Three Albums That Changed My Life: Venus II

You may not have heard of Venus II just yet, but you’ve almost definitely heard of the artists behind the psychedelic, glistening new synth-pop new project – Jarrad Brown’s previous musical incarnations included Eagle & The Worm and Dorsal Fins, while you may know Ryan Grieve from Canyons. As Venus II the pair have dropped debut single Inisde Your Sun, a feel-good track that harks back to free, uplifting 90s electro in a way that somehow manages to stay away from being overly nostalgic.





The pair are performing at The Tote in Melbourne tomorrow, June 16. We wanted to get to know them a little better first, so we asked them to share three albums that changed their lives.



B.A.D II – The Globe (Ryan)

Was one of my first purchases as a child, completely changed me and what I wanted to hear on an album. Everything else seemed quite bland after I heard this as a kid. Mick Jones goes everywhere here, combining great song writing from ballads to weirdo drugged out dance moods with a couple of number 1 hits in there. Heavily influenced by the early wave of Brits in Ibiza in the ‘80s and early ‘90s with a big dash of punk in there also. I still listen to this record often.

The Cure – Mixed Up (Jarrad)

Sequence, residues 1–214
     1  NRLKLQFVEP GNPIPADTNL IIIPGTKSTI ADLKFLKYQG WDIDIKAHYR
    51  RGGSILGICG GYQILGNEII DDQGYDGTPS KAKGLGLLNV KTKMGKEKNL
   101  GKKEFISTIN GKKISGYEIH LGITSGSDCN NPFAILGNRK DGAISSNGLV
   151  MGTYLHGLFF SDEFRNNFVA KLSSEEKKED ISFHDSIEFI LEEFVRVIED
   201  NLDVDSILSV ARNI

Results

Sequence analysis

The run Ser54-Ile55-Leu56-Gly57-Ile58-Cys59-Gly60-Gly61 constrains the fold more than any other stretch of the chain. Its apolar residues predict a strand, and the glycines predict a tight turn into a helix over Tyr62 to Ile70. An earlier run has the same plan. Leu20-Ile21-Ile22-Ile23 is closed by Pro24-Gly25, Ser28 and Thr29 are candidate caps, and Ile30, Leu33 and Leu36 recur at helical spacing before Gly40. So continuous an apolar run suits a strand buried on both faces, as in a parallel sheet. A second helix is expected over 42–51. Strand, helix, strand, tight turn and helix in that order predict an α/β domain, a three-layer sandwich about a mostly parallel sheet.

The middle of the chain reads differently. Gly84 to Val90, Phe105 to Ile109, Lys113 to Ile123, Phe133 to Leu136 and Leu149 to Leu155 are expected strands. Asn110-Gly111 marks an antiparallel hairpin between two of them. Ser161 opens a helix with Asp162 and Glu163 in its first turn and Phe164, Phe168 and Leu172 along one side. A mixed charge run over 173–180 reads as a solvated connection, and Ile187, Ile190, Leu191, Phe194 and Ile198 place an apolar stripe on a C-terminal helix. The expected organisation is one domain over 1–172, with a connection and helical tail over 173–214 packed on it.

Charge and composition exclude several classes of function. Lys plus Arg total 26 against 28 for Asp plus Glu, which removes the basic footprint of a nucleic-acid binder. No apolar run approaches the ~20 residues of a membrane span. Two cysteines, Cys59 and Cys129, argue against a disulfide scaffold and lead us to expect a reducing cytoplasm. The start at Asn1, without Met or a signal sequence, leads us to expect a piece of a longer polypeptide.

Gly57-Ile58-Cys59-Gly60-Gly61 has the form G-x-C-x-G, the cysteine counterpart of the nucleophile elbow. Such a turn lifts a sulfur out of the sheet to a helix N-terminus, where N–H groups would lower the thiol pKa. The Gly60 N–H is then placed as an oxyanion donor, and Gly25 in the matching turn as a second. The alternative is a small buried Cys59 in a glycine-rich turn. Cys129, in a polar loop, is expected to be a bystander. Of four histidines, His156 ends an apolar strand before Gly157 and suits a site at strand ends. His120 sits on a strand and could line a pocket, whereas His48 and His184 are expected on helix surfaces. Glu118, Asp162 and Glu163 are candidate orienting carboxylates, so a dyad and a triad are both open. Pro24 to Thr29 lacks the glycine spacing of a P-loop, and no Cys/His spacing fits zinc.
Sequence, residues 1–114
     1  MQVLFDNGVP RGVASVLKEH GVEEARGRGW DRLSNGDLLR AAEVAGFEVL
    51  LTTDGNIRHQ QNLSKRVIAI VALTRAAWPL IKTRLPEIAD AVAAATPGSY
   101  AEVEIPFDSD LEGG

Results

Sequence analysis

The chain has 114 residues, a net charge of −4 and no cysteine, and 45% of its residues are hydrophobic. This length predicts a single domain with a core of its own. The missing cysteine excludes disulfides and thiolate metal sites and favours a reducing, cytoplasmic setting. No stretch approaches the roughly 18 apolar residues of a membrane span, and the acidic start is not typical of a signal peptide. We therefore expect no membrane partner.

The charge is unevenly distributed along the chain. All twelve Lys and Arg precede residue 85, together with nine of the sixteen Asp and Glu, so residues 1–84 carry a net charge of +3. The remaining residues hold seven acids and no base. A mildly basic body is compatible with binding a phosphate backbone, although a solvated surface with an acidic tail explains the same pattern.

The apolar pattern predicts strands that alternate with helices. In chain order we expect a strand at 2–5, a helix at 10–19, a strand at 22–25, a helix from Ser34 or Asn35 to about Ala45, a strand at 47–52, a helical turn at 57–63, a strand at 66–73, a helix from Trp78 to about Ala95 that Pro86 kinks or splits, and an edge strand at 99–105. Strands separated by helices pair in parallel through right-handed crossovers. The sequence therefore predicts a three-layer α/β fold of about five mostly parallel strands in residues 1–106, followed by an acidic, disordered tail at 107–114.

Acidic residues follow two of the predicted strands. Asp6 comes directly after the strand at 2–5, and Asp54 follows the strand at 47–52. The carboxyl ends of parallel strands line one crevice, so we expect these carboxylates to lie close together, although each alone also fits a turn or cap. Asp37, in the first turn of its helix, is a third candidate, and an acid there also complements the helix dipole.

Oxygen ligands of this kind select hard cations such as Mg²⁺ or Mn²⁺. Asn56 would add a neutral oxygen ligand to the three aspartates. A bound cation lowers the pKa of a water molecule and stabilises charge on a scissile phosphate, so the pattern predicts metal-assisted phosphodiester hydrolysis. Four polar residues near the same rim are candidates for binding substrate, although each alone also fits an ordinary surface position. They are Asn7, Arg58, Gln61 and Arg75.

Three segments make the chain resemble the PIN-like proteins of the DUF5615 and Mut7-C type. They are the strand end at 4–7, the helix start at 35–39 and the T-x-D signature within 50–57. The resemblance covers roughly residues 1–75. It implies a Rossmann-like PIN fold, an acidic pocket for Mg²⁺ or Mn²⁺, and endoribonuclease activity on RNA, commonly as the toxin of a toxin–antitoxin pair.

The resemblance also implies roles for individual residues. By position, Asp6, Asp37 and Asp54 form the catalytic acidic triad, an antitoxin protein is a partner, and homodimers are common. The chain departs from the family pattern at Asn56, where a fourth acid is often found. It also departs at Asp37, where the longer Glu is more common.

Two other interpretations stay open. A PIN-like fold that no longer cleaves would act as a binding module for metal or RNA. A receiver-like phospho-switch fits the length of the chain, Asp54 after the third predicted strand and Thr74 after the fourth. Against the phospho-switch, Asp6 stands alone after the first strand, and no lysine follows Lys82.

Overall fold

Mixed Up was a super unique record for me. I was maybe 12, 13 years old when I first started listening to it. I knew it was an album by a band that had “remixed” its own music. I knew who The Cure was, because they were just a super huge band, and my Mum used to listen to them. Mixed Up was from my older brother’s record collection. Looking back, I don’t know how I knew or understood what “remix” meant, being so young… but I did understand. And I understood that Robert was the mastermind of the band. I loved the tragedy in Robert’s voice. I used to listen to it loud, and on headphones. A lot of the music I listened to as a boy, was rock music so hearing synths and strings and weird bass sounds was another world that a loved sinking into. Listening to it right now. Still love this album.

Donny Hathaway – Live (1972) (Jarrad)

This album just reminds me of endless summers house parties and stoned people “jamming”… and although that kind of sounds 100% horrible… the fact is, as a musician growing up as a bass player in Melbourne, “jamming” and experimenting with recreational substance is an unavoidable, rewarding rite of passage. Jokes aside, Most of Donny’s tracks give me chills. His cut of Young Gifted and Black (not on this live album) is one of my favourite all time pieces of music. Just go a have a listen. This “live” record is really really great. On this record- Donny’s version of Jealous Guy without a doubt rivals the original. Donny’s voice is probably my fave male soul R&B voice. Intensity and sincerity. But my fave on this record Voice Inside (Everything is Everything) … the Willie Weeks bass solo (the last instrumental solo the album) is one of my fave moments on any live record.

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